By Donna McAleer
Best Defense giant slalom correspondent
Defense Secretary Leon Panetta, upon the Joint Chiefs of Staff's
unanimous recommendation, last week signed the repeal of the combat exclusion
policy of 1994, opening more than 200,000 military jobs to women. This was a military decision endorsed by
politicians about military readiness, strategic decision-making, and national
More than a year ago, the Army chief of staff, General
Raymond Odierno, said, "We
need their talent. This is about managing talent. We have incredibly talented
females who should be in those positions." This reflected an October 2010
decision by Chief of Naval Operations Admiral Gary Roughead and Secretary of
the Navy Ray Mabus to open two classes of nuclear submarines to women.
Ground combat is paramount in the Army. The Army selects the majority of
its senior leaders from ground combat branches. The 1994 combat exclusion
policy prohibited women from serving in such units. This meant its most
significant jobs, high command positions (division, corps, and chief of staff),
only went to men with combat arms unit experience.
With Secretary Panetta's decision, the law has now caught up to reality.
The exclusion policy didn't keep women out of combat. The conflicts in Iraq and
Afghanistan demonstrated this self-evident truth: bullets, RPGs, and IEDs know
no gender. The policy did prevent
women from officially gaining battlefield experience required for promotion to
high command positions directly responsible for national security, e.g., combat
In his letter of recommendation to Secretary Panetta, Chairman of the
Joint Chiefs of Staff General Martin Dempsey said work remained regarding
proper performance standards for those new military roles. He also listed
"goals and milestones," with quarterly progress updates.
This is the key to successful integration -- setting physical
and mental standards based on job requirements, and physical and mental
capability, not gender. Most of the opposition to allowing women in combat arms
branches focus on doubts about women possessing the requisite strength and
stamina and/or whether the presence of women dilutes unit cohesion. These arguments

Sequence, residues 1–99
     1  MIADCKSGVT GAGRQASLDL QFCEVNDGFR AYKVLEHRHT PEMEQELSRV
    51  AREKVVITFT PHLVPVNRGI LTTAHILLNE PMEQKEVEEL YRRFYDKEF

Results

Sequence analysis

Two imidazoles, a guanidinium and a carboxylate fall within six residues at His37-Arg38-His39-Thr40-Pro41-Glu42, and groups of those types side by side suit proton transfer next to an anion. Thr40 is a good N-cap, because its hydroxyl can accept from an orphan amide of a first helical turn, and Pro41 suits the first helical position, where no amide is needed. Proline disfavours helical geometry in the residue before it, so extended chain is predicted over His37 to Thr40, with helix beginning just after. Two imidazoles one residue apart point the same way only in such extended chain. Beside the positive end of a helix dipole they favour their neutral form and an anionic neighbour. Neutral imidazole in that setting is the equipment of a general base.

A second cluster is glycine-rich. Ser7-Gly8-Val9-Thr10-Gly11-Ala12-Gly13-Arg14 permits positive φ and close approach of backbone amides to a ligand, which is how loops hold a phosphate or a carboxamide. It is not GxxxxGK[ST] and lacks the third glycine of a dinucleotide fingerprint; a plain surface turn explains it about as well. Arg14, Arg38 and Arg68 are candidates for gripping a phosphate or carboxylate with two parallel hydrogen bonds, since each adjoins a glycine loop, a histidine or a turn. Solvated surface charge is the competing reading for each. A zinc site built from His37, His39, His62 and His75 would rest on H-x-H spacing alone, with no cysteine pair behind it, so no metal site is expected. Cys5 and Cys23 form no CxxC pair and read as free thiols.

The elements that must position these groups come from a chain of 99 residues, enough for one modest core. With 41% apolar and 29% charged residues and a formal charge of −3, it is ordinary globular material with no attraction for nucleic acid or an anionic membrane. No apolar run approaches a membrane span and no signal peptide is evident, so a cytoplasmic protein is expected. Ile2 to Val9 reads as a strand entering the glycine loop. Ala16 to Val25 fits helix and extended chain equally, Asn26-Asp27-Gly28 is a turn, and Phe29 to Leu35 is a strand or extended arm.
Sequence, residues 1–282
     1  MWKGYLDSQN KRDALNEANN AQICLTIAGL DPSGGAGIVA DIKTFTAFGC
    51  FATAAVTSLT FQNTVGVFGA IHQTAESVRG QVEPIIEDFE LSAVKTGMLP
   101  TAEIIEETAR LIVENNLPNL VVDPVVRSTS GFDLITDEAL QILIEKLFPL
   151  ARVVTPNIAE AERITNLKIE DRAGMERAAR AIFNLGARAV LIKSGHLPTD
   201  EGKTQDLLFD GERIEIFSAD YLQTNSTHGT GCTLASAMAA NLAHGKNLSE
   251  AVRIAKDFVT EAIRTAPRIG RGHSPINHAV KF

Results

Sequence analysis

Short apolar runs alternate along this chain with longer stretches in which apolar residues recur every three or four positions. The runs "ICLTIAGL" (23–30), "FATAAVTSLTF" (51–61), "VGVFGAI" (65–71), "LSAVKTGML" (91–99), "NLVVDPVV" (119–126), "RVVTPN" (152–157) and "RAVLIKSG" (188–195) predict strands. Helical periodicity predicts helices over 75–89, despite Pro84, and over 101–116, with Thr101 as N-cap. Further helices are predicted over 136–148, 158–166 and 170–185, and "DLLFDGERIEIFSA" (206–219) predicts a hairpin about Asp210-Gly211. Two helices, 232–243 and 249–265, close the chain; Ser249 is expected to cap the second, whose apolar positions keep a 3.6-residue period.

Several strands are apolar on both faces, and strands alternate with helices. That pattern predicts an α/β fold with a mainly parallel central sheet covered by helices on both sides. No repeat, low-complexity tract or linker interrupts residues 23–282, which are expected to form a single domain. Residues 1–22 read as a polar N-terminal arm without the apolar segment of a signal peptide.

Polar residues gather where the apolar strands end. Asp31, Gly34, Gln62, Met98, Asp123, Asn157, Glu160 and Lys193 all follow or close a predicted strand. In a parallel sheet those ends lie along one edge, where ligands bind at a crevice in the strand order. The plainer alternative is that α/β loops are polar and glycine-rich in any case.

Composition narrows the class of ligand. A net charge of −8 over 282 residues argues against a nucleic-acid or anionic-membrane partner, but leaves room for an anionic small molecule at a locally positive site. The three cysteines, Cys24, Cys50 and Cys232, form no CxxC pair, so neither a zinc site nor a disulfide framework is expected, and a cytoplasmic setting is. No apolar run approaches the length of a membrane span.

have been used previously -- against the integration of African-Americans,
against integrating women into the regular force in the 1970s, and most
recently against gays and lesbians. Each time the military has emerged
No one suggests a lowering of standards. And the unit cohesion argument
is really about sex. Will women and men in mixed company have consensual sex?
The military has laws on the books that prohibit relationships that could cause
problems within the unit -- similar to both norms and laws in the civilian
world regulating the workplace environment. The primary reason has always been
that emotional entanglements between soldiers can lead to jealousy, result in
favoritism, and prevent soldiers from carrying out their duties impartially -- particularly
in a life or death situation. While in the civilian world, a workplace
relationship will only kill your career.
Recently, the military has strengthened its laws regarding
coercive sex recognizing a significant problem persists with rape and sexual assault.
However, correlating women in combat with levels of military rape and sexual
violence are inaccurate and inflammatory. Less than a quarter of reported rapes
occur in theaters of military operations and combat zones. Being in an all-male
unit is no protection from sexual predators. Half of sexual trauma survivors
being treated by the Veterans Administration are men.
General Dempsey indicated the persistence of sexual assault in the
military is linked partially to the military's separate classes of personnel -- male "warriors"
versus everyone else, including women. Lifting the combat exclusion policy and
treating the genders equally, he says, is more likely to lead people to treat
each other equally.
Today women make up nearly 15 percent of the 1.4 million strong
active-duty forces. The United States has been in combat in Afghanistan and
Iraq longer than in any previous war. More than 280,000 American women have
engaged in combat operations there. It is not unreasonable to think that some
have engaged in sexual relationships. Yet, there have been no waves of
"get me out of here" pregnancies, no orgies, and no combat failures.
In short, our men and women in uniform have behaved as military professionals.
Secretary Panetta's decision is a move in the right direction.
Servicewomen now have the opportunity to gain the same experience as their male
counterparts. It will take at least 20 years for servicewomen to gain the
appropriate escalating combat command experience. But the United States will be
well served by the increase in the number of sharp minds at the planning and
Service to country and in combat has never been about gender, it's about
Donna McAleer is a former congressional candidate
for Utah's 1st District, a West Point graduate, an Army veteran, a mother, and
the author of Porcelain on Steel: Women
of West Point's Long Gray Line (Fortis Publishing, 2010).